Why I’m Still Going to Paris

I lived just outside of Washington DC on 9/11. My commute took me past the Pentagon each day, one of the sites attacked that day. I was acutely aware that I was, by extension, a primary target. Yet nothing ever happened to me in the ensuing 13 years that I continued to live there.

I will return to Paris in a matter of weeks. I’m not changing my plans.

There’s risk every time we get in a car. I’ve lost friends in car accidents, I’ve even seen it happen.

Could there be follow-on attacks? Of course, though I’m not sure the risk of that is any greater today than it was yesterday. Indeed, in some sense the risks may be lessened because there are now fewer people in Paris aiming for such an attack than there were yesterday, by virtue of their having completed it.

I grew up in New York when New York was a very different city. I always carried my wallet in my front pocket, a habit that took a long time to break after I moved to California. It’s still good practice in certain places, think Las Ramblas in Barcelona and… Paris, where there are plenty of scams near tourist sites.

I’ll go for the breads, meats, cheeses and the macarons and crepes. And to just hang out in the cafes, the museums, and take in the city itself.

We should certainly take precautions against risk, but we also live our lives. And there are few cities as alive — for a visitor — as the City of Light.

Do you stand with me on this?

About Gary Leff

Gary Leff is one of the foremost experts in the field of miles, points, and frequent business travel - a topic he has covered since 2002. Co-founder of frequent flyer community InsideFlyer.com, emcee of the Freddie Awards, and named one of the "World's Top Travel Experts" by Conde' Nast Traveler (2010-Present) Gary has been a guest on most major news media, profiled in several top print publications, and published broadly on the topic of consumer loyalty. More About Gary »

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  1. I am going with my parents to Paris after London on November 25th to celebrate their 50th wedding anniversary. My parents have never left the U.S besides a road trip or two to Canada while visiting my cousin in Buffalo. It will only be the third time they have flown in both of their almost 70 years. From the moment we heard, we knew that we would not cancel our trip and allow people to terrorize such a happy occasion that is a once in a lifetime for my parents. I have been to Paris three times and know this will not be my last visit either.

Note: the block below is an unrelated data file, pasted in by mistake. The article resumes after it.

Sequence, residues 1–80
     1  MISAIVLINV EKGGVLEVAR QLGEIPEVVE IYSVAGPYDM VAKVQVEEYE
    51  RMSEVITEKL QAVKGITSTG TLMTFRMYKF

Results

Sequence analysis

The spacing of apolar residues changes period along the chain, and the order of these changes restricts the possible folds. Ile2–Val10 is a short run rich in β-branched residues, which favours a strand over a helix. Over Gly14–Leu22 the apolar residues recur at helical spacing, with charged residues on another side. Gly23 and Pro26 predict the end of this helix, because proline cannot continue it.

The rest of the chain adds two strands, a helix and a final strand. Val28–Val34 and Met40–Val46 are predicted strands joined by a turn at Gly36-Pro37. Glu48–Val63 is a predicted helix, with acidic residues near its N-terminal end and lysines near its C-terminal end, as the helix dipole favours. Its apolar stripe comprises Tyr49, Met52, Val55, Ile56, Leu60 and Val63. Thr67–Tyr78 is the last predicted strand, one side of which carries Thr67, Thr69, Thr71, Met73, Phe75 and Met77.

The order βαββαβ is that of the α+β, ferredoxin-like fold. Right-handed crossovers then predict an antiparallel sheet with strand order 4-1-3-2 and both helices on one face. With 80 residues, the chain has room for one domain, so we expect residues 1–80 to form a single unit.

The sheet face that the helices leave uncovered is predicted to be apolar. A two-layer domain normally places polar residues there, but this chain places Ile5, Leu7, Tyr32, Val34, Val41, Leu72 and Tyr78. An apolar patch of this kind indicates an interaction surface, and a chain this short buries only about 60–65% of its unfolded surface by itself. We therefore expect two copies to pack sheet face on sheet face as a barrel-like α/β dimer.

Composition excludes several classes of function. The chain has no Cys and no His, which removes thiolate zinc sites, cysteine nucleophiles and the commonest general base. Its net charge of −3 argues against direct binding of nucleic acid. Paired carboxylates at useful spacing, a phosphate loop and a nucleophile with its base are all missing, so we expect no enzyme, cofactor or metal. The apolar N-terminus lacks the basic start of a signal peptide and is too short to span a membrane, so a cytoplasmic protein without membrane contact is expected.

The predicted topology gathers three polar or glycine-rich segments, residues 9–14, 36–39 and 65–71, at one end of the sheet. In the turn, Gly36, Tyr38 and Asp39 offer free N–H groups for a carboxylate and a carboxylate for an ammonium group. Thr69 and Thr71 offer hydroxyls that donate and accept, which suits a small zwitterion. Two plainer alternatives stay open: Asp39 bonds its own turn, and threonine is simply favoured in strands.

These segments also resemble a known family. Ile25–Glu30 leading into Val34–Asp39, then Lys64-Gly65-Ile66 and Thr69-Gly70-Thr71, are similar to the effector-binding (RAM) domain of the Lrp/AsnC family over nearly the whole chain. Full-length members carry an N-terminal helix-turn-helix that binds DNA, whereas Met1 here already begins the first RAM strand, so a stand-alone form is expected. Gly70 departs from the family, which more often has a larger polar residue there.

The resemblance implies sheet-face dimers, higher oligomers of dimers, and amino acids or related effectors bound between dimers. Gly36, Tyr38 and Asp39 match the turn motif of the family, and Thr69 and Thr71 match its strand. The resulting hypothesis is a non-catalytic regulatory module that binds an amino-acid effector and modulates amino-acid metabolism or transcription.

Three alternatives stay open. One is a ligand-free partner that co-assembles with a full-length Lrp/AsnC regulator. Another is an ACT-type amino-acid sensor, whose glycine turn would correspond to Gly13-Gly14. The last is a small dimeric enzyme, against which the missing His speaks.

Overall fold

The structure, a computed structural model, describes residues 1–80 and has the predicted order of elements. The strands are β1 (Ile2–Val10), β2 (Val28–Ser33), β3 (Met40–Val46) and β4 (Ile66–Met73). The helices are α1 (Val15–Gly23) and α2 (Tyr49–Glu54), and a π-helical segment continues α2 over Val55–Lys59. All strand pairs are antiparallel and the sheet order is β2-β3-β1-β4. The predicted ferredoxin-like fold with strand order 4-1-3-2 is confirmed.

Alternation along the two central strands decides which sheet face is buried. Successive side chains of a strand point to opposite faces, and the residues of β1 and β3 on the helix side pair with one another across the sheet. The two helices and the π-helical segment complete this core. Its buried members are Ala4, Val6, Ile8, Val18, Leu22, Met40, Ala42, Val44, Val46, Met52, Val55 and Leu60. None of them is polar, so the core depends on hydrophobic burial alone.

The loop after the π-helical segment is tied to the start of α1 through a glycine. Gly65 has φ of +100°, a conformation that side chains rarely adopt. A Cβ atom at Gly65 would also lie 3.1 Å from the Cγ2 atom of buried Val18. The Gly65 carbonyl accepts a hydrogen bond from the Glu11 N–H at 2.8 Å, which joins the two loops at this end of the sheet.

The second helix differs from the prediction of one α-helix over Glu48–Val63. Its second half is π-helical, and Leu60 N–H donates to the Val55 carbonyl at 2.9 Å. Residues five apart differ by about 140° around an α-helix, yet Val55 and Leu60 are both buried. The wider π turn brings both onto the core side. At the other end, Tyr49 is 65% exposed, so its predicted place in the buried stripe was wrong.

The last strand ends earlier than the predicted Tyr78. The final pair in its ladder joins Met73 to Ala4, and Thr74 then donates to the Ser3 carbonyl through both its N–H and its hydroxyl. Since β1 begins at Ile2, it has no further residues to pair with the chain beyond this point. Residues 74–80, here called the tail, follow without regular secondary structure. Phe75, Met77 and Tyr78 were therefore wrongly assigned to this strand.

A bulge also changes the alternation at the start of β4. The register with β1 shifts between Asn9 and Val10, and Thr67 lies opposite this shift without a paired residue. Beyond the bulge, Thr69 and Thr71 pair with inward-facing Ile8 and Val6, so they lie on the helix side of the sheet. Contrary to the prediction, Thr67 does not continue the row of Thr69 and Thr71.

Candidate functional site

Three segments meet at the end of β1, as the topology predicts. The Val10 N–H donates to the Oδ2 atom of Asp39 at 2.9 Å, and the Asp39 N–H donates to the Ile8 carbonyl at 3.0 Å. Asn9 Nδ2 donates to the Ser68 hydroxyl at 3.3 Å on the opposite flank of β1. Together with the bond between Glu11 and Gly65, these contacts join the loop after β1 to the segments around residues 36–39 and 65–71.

2. I was there last weekend, and would go back next weekend. Completely agree with your rationale. There are definitely places in the world that I avoid, but a general peaceful, well run Western city like Paris is not one of them. Terrible events are made worse when we change how we live without the data to justify those changes.

  3. Totally agree. My wife and I were there last weekend, and though I am glad we weren’t there during the attacks, of course, I would go back again today. You have to live your life.

  4. The terrorists are winning a war of attrition. 9/11 fundamentally changed our way of life because it begat the useless and dreaded TSA. I can’t change how ridiculously expensive and stupid the TSA is but I refuse to stay home and never travel again!

  5. I SO applaud you for this post, Gary; both for writing it and the sentiment/tone behind it. Thank you. Paris is absolutely my favorite big city in the world, with some of the most friendly, welcoming, classy, gracious people anywhere (when showing a modicum of respect for their culture, which we travelers should do with any culture we visit). My heart breaks for their tragedy, yet I know they will continue to be one of the shining lights of what is special in the modern world and I will always remain grateful for their fundamental support for founding our blessed country (I’m also from the USA). To answer your question, yes, I absolutely stand with you on this.